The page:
For the past month, my church has been thinking about God’s dreams. Our pastors just finished a sermon series called, “Dare to Dream,” exploring Scripture passages that connect in some way with dreams. We’ve read about the Magi studying the stars, looking upward and letting the heavens guide them to Jesus. We’ve considered Jacob’s dream at Bethel as God’s reassurance for Jacob’s present and future. We’ve seen John of Patmos dream of a better future through his visions in Revelation. And we’ve explored Joseph’s dreams, the obstacles he faced, and the way God brought those dreams about despite Joseph’s many setbacks. We’ve wondered about our dreams but also about God’s, and where the two intersect. For the whole month, our pastors have invited us to ask God, “What is your dream for my life?”
On the final Sunday of the series, the ushers gave us each a star as we entered worship, and there were sharpies in the pews. During a period of silence and reflection at the end of the service, our pastors encouraged us to write our dream on the star we’d been given.
I’m a born dreamer, but as I sat there with a sharpie in my hand, I hesitated. I have some dreams for my involvement in the local church and what we might do together, and some others related to my work as an editor. I have dreams for my family. I’d like to see all of those dreams fulfilled, because they are important. I work toward them in some small way every week. But in truth, none of them are the dream, the wild dream, the one that feels too enormous even to say out loud, much less try to bring about. That dream is both huge and silly, as dreams often are. Should I write it down? Or would it be better to write one of those smaller, more attainable dreams, easier for others to relate to and share?
I took a deep breath, and took the cap off the sharpie. What the heck, I thought. If I’m gonna dream, might as well dream big. Church on Mars, I wrote. It took a small leap of faith to write that down on my star. And then another small leap to put it in the basket along with everyone else’s stars and dreams.
A few days later, my wife and I were having lunch with one of our pastors. Our conversation turned to the stars from that past Sunday, and the pastor asked if I was the one who wrote about a church on Mars. “Of course,” I said with a laugh. She knows of my weird interest in all thing space.
“Were you being serious?” she asked. “Of course,” I said.
I shared with her that this isn’t my only dream, and it’s not the only way I’m seeking God’s will for my life. Still, I feel like it’s something that’s come from God, that blends my unique interests and ideas. I went on to explain how the end of our “Dare to Dream” series felt like the time for dreaming big, so I dared to write the big, silly dream.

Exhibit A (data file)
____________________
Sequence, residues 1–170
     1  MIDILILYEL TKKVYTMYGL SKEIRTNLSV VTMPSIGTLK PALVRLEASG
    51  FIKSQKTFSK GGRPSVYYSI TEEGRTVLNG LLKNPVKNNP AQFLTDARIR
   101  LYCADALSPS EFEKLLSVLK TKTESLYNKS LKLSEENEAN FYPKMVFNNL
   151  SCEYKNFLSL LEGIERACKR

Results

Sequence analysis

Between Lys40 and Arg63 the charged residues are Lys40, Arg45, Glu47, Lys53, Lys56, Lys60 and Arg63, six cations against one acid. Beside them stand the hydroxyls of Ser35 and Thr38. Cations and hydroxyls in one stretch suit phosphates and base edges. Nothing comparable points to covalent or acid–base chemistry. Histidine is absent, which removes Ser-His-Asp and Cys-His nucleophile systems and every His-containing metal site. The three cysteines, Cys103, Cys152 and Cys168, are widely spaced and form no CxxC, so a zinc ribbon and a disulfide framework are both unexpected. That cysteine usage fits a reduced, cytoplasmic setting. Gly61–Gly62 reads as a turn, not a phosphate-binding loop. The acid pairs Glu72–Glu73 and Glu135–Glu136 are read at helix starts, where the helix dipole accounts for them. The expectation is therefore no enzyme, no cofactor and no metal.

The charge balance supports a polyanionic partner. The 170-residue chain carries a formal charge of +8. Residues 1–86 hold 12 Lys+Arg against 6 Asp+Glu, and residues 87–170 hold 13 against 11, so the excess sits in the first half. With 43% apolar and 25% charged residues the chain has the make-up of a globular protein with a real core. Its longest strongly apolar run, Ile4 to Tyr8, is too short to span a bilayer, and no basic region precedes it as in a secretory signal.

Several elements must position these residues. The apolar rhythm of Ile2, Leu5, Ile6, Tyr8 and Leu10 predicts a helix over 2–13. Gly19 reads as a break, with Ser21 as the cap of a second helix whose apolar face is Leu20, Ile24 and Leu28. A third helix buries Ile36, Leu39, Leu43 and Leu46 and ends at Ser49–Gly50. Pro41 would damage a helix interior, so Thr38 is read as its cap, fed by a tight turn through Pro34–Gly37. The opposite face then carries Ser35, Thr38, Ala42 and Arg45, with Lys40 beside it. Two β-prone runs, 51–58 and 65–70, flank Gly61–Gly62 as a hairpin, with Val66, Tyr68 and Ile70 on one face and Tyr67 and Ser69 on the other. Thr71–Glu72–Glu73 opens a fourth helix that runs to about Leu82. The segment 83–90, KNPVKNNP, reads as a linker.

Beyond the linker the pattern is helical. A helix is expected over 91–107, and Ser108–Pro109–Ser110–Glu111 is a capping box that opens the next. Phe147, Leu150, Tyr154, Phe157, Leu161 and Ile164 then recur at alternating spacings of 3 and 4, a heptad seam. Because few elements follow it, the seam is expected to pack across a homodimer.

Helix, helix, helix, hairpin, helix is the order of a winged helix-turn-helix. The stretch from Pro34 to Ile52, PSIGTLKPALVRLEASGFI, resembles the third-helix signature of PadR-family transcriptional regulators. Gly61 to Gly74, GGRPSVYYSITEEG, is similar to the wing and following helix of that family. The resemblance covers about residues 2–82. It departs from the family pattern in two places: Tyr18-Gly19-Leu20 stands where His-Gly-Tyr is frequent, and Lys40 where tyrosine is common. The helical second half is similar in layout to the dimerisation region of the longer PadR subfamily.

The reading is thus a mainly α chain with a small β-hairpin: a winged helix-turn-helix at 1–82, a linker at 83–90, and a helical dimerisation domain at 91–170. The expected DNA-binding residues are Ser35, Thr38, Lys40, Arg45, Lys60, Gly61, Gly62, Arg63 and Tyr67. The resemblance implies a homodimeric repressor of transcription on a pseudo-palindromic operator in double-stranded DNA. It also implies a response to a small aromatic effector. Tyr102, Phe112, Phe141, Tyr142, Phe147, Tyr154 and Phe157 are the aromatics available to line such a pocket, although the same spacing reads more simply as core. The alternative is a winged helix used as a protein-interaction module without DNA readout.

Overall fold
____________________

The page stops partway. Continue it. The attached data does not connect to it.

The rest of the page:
In truth, that dream is what led me to start my blog last year, to start reading about space and physics, and to begin and thinking about the intersection of these things with Christian theology. I had a dawning realization that humans might colonize Mars in the next 25-50 years, and that it might happen quite apart from the Christian faith, or any faith, for that matter. I had a dream of human communities pushing the boundaries of our very existence, and I wanted to be sure that Christianity—its values, its practices, its understanding about God and the universe and what it means to be human—shapes that journey and those communities, because the Christian faith holds something valuable, meaningful, indeed vital for human flourishing. I felt God calling me in some small way to turn the eyes of Christian people toward the stars, because our fellow humans’ eyes are turning that way and we need to take notice, for their sake and for ours. I had a dream of God’s grace going on ahead of people wherever human life exists, even if it’s literally on another planet or off in space somewhere.
It’s not my only dream; it’s not even my most important dream. But it is my big one, my wild one, the one that requires a daring leap of imagination. I don’t even know what steps to take toward it, except that the first step must be to own it, write it down, and share it with somebody else.
I’m not even sure the steps matter all that much. It’s such a long-term dream. I probably won’t live to see a church actually planted on Mars, much less have anything to do with making it happen, but that’s ok. I have a hunch that the many of our big dreams get fulfilled after we die anyway. Abraham, Isaac, and Jacob didn’t live to see the great nation that their children would become. It didn’t stop Abraham from looking up at the stars and hearing God’s promises. It didn’t stop Jacob from dreaming either.